Sunchokes have the soft freshness of artichoke hearts with the earthiness of root vegetables—perfect for simmering with leeks and blending with butter for a rich, velvety soup. Plus, a finishing drizzle of ginger oil adds a nice kick!
Soup: Roughly chop dark green leek stalks. In a heavy-bottomed pot over medium-low heat, melt 3 tablespoons butter; then add leeks. Smash and peel garlic cloves and add them to the pot. (If you're using a Vitamix to pureé the soup later, you can leave garlic skins on.) Continue to cook leeks and garlic until soft, stirring occasionally, 2–3 minutes. Meanwhile, in a small saucepan over low heat, warm the water or stock.
Roughly chop unpeeled sunchokes to a uniform size, about 1-inch pieces. Set aside. Meanwhile, tilt the pot with the leeks to pool the butter. Place bay leaves on top of the butter so they lightly fry for about 5 seconds. Then stir and continue sautéing until there is less popping coming from the pot, 2–3 more minutes.
Ginger Oil: Slice unpeeled ginger into coins. Place in skillet over medium-high heat along with the oil. Heat until the ginger begins to fry, 2–3 minutes; fry for 1 minute, then turn off heat and set aside to cool. Once cool, store ginger and oil in a jar with a tight-fitting lid. (Ginger Oil can be made in advance; it will keep in jar, refrigerated, for two months.)When leeks are melted, remove from heat and season with a pinch of salt and stir. To the pot, add sunchokes and the warm water or stock. Turn heat to low and bring to a simmer. Once simmering, cook uncovered until the sunchokes are soft, 25–45 minutes. (Cooking time will depend on the freshness and water content of the sunchokes.)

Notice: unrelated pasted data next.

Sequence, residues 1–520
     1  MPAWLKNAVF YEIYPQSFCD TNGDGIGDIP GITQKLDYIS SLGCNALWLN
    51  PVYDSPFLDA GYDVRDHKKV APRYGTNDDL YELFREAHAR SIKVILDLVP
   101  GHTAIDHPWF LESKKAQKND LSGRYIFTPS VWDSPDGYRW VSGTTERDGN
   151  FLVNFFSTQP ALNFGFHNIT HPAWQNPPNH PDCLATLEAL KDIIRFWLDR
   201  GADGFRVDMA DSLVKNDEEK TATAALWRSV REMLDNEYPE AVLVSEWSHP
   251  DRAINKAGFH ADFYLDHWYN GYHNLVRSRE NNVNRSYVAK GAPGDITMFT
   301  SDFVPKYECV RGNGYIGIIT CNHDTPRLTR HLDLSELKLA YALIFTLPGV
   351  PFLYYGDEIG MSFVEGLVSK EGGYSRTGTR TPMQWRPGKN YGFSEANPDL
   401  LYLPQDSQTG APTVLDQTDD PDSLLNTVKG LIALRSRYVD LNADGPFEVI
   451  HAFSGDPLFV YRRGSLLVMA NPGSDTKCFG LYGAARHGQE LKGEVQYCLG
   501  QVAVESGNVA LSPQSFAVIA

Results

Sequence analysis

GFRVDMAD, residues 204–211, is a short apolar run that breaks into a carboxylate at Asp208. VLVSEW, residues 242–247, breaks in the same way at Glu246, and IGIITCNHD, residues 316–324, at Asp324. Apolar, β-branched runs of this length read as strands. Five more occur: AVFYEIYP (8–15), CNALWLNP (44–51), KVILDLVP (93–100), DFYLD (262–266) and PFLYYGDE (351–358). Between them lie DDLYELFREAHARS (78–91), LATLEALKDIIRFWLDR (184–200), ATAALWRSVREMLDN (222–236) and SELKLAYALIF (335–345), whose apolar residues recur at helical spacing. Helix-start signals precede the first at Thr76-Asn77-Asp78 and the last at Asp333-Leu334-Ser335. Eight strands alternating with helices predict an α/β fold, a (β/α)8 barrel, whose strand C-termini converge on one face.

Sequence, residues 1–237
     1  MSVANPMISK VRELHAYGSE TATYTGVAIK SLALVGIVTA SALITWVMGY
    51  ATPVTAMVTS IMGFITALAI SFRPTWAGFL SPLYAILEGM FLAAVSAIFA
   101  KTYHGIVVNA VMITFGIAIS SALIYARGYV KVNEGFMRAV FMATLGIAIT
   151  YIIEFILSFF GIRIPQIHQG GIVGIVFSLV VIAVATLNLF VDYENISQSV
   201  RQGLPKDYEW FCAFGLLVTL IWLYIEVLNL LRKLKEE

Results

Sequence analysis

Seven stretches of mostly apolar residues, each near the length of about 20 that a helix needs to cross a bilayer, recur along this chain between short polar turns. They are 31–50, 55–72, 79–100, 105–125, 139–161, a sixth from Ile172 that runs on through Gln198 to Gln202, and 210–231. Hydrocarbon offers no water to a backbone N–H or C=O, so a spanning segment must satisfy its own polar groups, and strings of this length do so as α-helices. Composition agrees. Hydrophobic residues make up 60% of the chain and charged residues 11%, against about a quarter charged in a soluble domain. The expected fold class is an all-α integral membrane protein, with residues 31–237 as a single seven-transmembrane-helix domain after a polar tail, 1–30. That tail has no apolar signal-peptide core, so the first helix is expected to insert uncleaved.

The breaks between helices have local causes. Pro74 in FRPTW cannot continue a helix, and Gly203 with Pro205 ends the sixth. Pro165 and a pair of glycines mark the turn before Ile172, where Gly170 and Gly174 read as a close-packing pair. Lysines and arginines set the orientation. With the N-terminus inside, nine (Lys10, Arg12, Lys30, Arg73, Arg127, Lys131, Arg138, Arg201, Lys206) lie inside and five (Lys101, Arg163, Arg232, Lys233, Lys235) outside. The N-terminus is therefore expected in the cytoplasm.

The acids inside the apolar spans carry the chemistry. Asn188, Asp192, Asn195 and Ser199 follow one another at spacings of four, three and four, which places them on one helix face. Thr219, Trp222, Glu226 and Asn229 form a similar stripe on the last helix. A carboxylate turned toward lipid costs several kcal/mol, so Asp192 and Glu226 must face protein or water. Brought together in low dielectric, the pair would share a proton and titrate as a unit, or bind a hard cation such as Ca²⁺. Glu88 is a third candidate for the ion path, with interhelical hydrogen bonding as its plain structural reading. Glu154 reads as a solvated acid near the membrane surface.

When the sunchokes are soft and break apart, discard the bay leaves before adding the contents of the pot to a blender. (If you’re using a high-speed blender such as Vitamix, you can leave the bay leaves in.) Replace the lid and blend on low speed to combine the ingredients; then slowly increase the blender speed to medium for 30 seconds. Turn speed back to low, remove the cap, and add the butter one piece at a time, so it emulsifies into the soup. When all of the butter has been emulsified, place the cap back on and purée at high speed for 30 seconds. (Optional: Pour soup through a fine-mesh strainer or chinois back into the pot for a more refined texture.)
Assembly: Taste soup and adjust seasoning. Ladle warm soup into bowls. Drizzle a spoonful of Ginger Oil on top and serve.